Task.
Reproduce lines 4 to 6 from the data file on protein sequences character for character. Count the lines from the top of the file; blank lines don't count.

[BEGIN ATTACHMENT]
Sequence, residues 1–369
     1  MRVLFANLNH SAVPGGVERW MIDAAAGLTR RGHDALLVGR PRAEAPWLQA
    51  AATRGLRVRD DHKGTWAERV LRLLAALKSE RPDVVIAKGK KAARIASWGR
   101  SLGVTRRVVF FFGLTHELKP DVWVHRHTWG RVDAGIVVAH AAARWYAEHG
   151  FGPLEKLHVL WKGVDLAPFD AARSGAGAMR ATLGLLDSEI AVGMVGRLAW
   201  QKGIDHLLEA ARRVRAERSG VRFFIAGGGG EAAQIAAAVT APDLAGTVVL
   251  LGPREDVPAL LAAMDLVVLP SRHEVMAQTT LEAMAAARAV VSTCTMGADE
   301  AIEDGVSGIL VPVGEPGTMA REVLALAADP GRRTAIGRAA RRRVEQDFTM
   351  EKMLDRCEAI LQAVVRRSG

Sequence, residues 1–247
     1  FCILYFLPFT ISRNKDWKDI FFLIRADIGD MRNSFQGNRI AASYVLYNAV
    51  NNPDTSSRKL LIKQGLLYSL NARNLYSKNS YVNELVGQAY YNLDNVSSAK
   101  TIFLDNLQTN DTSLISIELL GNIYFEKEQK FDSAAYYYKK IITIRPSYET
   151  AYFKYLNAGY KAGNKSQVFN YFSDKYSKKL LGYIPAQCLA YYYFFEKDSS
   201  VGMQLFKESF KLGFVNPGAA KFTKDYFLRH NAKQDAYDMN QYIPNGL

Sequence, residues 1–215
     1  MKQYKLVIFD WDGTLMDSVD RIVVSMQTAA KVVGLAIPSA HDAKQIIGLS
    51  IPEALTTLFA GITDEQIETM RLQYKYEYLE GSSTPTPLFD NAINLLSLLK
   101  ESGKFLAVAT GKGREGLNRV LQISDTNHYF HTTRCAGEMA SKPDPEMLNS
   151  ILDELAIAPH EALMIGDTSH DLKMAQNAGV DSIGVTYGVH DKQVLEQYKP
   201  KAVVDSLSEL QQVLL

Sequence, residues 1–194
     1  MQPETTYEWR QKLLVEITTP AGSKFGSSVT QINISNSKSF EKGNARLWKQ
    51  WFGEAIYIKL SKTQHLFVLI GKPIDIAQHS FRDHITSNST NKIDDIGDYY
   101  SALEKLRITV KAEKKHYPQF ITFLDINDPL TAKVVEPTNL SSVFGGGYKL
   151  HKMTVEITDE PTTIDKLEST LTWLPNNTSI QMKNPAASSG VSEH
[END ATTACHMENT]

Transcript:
   101  SLGVTRRVVF FFGLTHELKP DVWVHRHTWG RVDAGIVVAH AAARWYAEHG
   151  FGPLEKLHVL WKGVDLAPFD AARSGAGAMR ATLGLLDSEI AVGMVGRLAW
   201  QKGIDHLLEA ARRVRAERSG VRFFIAGGGG EAAQIAAAVT APDLAGTVVL